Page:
dunnhumbyUSA keeps a monomaniacal focus Featured

8:00pm EDT April 25, 2010

One look at dunnhumbyUSA’s Web site (www.dunnhumby.com/us/) is all it takes to understand the customer-first strategy that serves as the brand and marketing services firm’s competitive advantage: “We put genius into making sure our clients and our people get to know and treat their essential customers better than anyone else.”

It’s a scant 23-word description, but dunnhumbyUSA COO Stuart Aitken says it’s the mindset of every one of the firm’s 300-plus employees. It’s also a key reason why dunnhumbyUSA’s client roster boasts some of the world’s most recognizable brands, including Kroger, Kraft, General Mills, PepsiCo, Coca-Cola, Procter & Gamble and Sara Lee.

“We measure success by the impact on our clients’ customers, our clients’ business and, in turn, our business,” Aitken says. “Success is helping our clients win.”

The firm’s approach has also led it to be named to Greater Cincinnati’s “Best Places to Work” list for the past three years.

Aitken’s predecessor, Simon Hay, was named the 2009 Ernst & Young Entrepreneur Of The Year winner in the Services category. Hay’s success led to a promotion this past winter, and he moved to London, England, where he now runs dunnhumby’s U.K. and Ireland offices.

With 15 years of brand creation and management experience as his guide, Aitken was subsequently handed the reins of dunnhumbyUSA. He also serves as a judge for the 2010 South Central Ohio and Kentucky Entrepreneur Of The Year awards program. Finalists for awards will be announced later this month.

Smart Business caught up with Aitken to discuss innovation, building client relationships and how dunnhumbyUSA tests new ideas for its clients.

Q. How do you encourage and mine innovation as well as visionary thinking within dunnhumbyUSA?

We are a very nonhierarchical, collaborative organization. Anyone in the organization can bring an idea to me or anyone on the leadership team. We have a phenomenally talented work force that pride themselves on bringing new and innovative ideas to the fore.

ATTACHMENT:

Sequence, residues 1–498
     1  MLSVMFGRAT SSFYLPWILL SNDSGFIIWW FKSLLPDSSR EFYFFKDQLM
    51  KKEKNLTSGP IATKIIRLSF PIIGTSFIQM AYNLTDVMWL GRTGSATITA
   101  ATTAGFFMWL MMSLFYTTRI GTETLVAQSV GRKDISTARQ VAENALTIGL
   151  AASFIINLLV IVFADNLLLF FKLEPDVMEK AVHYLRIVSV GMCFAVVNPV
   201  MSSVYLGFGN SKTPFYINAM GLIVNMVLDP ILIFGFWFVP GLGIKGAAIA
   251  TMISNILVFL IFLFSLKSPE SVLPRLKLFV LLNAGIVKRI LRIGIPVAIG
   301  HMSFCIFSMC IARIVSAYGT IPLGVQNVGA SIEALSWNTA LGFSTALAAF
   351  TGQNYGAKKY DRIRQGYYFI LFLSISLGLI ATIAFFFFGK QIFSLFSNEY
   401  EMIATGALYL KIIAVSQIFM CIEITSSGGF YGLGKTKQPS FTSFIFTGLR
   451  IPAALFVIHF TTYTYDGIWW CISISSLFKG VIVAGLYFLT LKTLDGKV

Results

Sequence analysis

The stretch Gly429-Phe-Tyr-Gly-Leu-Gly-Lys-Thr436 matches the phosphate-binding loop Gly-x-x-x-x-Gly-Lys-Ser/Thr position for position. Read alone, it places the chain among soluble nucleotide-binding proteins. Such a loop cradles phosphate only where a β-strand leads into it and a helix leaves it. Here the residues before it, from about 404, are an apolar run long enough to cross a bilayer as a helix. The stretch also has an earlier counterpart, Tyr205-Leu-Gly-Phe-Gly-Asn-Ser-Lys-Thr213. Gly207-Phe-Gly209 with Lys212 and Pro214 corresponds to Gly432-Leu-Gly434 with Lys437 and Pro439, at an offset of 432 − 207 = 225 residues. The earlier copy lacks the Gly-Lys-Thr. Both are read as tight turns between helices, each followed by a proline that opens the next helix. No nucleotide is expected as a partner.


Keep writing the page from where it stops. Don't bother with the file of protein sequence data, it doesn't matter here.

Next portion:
In addition, we have open sessions where we share the latest ideas and innovations we have. At these sessions, individuals have the opportunity to question and contribute to the idea. One of our values is curiosity. We welcome and encourage debate, challenge and discussion on those ideas to drive better solutions for our clients.

Q. What processes do you use to test new ideas and then bring them to market for your clients?

The process we use very much depends on the idea itself and who would leverage the idea. We have a very innovative approach and use ‘test and learn’ as a way to drive new solutions.

Q. What are the some of the keys to success for fostering relationships?

The key to our success is our monomaniacal focus in good economic times and in bad on our clients’ best customers and rewarding the behavior we seek. It is this focus that differentiates ourselves and our clients in the eyes of their consumer.

How to reach: dunnhumbyUSA, (513) 632-1020 or www.dunnhumby.com/us/

IPOs on the rise

While it may not feel like much in the economy has changed, a recent study by Ernst & Young LLP that analyzed business activity among Russell 2000 companies indicates that many companies are on a growth path.

“The current numbers suggest that all boats are rising with the Russell tide — or at least a significant number of them,” says Maria Pinelli, Americas Director, Strategic Growth Markets, Ernst & Young LLP. “If you are one of the smaller companies, it’s clearly time to get growing.”

One way to grow is to take your company public. According to E&Y’s survey, IPO activity grew significantly during the second half of 2009, with 32 IPO entrants added to the Russell 2000. That’s more than double the 13 IPO entrants during the first half of 2009.

If you’re thinking about IPOs, here are just a few of the questions you should ask yourself to see if your company is ready. You can find more questions as well as whitepapers on growth and entrepreneurship at www.ey.com/US/EN/home/library.

  • Have you developed a formal, comprehensive written plan and timeline?
  • Has your organization begun acting like a public company?
  • Are you actively addressing the four functional phases of the IPO preparation process: due diligence, drafting, SEC review and marketing?
  • Have you determined your company’s potential M&A valuation versus its public company valuation?
  • Is your team able to scale to meet the company’s growth projections?
  • Have you communicated realistic timeline expectations to key stakeholders?
  • Do you have a Plan B? Have you prepared a financing strategy to execute without an IPO?

Source: Ernst & Young, www.ey.com